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A question on the definability of convolution

  1. Feb 19, 2010 #1
    In Apostol's "Mathematical Analysis", Page 328 (see the image below and the underlined sentence),
    why does the Lebesgue integral (41) exist for gif.gif ?[/URL]
    The definition of convolution is as follows:
    Last edited by a moderator: Apr 24, 2017
  2. jcsd
  3. Feb 20, 2010 #2
    I'm not sure if I understand your question. For that special case, the Lebesgue integral doesn't have to exist for all [itex]x \in \left[a,b\right][/itex], and that is precisely what the author says.
  4. Feb 20, 2010 #3
    My question comes from the underlined sentence. That the convolution in (41) can be defined means the Lebesgue integral in (41) exists and the author asserts this integral exists for all x in [a,b] under the given condition. But I do not understand why this integral gif.latex?\int_0^x&space;f(t)g(x&space;-&space;t)dt.gif exists.

    Attached Files:

  5. Feb 22, 2010 #4
    What the author (Apostol) asserts is that, if f and g are Riemann integrable, then that convolution is well defined, for all [itex]x \in \left[a,b\right][/itex]. On the other hand, if the functions are Lebesgue integrable (and this include much less regular functions), then then their (Lebesgue) integral may not be defined. In fact, the author gives an example immediately after.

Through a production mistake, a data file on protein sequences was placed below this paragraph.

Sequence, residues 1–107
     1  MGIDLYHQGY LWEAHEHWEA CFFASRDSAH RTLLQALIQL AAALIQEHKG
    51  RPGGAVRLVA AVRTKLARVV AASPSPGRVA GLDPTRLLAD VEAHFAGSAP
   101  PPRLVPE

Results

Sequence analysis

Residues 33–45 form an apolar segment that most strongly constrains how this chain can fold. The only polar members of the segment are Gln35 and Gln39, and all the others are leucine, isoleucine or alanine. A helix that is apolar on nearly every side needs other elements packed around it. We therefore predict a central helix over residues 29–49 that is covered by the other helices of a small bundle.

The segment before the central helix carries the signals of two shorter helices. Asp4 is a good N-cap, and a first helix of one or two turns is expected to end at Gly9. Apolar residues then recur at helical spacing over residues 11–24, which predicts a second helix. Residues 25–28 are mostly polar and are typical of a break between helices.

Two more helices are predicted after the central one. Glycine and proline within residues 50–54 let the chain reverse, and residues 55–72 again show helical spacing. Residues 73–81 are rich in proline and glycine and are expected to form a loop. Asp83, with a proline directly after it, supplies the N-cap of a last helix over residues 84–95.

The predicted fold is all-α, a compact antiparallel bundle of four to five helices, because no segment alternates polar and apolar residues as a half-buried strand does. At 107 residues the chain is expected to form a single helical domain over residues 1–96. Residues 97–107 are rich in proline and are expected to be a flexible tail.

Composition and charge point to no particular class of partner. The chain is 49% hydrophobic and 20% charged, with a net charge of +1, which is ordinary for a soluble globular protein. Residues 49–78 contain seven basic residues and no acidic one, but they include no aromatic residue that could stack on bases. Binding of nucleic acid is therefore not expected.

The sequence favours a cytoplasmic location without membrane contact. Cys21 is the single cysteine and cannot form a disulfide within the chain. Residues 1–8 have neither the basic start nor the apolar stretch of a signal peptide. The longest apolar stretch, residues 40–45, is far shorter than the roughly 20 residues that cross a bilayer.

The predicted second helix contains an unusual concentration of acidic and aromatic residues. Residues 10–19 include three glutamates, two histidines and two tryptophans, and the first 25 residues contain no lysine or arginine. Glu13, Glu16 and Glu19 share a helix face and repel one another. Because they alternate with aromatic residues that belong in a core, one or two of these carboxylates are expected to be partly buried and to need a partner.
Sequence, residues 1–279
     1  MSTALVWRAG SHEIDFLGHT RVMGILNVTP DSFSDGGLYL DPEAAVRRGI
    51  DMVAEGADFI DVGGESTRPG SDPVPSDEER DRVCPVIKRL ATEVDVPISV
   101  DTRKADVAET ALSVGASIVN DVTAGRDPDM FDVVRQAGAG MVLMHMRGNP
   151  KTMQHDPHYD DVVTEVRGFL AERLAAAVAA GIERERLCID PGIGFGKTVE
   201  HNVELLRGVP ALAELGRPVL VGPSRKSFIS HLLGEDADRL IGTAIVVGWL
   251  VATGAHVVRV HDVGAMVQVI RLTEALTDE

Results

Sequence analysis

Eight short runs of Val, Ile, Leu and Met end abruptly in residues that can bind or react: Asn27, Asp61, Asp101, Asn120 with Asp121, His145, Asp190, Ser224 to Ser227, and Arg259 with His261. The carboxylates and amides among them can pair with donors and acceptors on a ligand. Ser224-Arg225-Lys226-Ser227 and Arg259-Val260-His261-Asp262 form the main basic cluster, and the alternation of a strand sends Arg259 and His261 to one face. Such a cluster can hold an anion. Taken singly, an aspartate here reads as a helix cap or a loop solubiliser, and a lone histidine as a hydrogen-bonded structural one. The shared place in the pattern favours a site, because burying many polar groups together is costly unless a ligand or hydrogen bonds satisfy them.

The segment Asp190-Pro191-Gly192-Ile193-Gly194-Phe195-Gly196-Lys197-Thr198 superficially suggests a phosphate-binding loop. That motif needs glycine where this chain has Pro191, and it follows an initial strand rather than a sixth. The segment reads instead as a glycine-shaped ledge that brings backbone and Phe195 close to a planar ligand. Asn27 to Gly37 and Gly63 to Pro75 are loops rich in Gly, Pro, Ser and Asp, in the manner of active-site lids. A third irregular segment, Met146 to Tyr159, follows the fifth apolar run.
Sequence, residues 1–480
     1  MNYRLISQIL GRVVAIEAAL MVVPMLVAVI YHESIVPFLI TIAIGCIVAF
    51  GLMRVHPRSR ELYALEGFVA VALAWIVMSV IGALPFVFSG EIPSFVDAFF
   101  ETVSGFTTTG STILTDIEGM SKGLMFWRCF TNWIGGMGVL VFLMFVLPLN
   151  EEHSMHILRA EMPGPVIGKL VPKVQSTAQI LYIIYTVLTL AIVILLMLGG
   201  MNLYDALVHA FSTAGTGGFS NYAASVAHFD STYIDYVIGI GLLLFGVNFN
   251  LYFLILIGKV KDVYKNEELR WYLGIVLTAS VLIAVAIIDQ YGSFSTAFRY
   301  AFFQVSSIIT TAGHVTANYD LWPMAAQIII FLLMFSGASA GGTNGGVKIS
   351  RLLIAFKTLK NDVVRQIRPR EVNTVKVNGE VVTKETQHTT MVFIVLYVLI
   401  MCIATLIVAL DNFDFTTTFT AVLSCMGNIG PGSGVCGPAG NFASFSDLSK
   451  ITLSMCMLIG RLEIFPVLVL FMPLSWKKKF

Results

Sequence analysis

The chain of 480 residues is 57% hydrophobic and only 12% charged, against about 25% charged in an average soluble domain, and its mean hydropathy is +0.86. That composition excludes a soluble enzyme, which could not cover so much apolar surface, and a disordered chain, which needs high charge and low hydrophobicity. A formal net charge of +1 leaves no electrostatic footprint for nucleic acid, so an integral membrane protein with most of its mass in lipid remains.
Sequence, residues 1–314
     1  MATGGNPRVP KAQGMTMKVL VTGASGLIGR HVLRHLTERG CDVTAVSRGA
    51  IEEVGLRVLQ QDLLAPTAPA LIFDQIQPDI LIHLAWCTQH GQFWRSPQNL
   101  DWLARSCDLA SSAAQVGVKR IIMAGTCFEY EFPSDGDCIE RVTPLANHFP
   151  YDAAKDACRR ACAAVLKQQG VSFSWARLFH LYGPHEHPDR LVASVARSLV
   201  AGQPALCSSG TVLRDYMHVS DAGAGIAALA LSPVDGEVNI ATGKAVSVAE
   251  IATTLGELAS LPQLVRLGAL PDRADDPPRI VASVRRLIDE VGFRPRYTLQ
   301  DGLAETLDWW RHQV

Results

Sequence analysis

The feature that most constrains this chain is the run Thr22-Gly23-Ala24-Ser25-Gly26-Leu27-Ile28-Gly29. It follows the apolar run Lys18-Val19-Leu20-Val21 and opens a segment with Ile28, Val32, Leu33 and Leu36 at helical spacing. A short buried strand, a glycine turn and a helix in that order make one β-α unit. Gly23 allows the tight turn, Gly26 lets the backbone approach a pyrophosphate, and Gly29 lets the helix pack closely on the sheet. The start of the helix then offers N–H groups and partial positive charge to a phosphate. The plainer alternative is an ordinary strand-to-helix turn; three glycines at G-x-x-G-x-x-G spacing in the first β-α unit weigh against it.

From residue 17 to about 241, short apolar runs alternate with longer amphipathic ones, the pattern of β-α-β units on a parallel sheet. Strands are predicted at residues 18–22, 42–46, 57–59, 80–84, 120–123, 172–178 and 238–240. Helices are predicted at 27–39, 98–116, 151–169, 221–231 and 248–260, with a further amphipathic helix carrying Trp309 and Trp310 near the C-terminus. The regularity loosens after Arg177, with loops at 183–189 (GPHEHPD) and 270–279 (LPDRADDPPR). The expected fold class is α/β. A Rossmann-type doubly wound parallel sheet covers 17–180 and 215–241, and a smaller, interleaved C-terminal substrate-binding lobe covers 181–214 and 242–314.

6. Feb 22, 2010 #5
    My question is why this statement holds, not the statement on the other hand.
  7. Feb 22, 2010 #6
    Because the product of two Riemann integrable functions is also (Riemann) integrable. This is a consequence of, for example, theorem 7.48 of Apostol's book.
  8. Feb 22, 2010 #7
    But f and g are Riemann-integrable only on [a,b] under the given condition, which does not insure f(t) and g(x-t), and in turn their product, are Riemann-integrable on [0,x].
  9. Feb 22, 2010 #8
    Note that [itex]x \in \left[a,b\right][/itex], then for a<0, there is no problem, because [itex]\left[0,x\right]\subseteq \left[a,b\right][/itex]; if a>0, you may always assume that the functions are 0 outside the interval.
  10. Feb 22, 2010 #9
    Why? Why can we assume the functions are 0 outside the interval ([a,b] or [0,x])?
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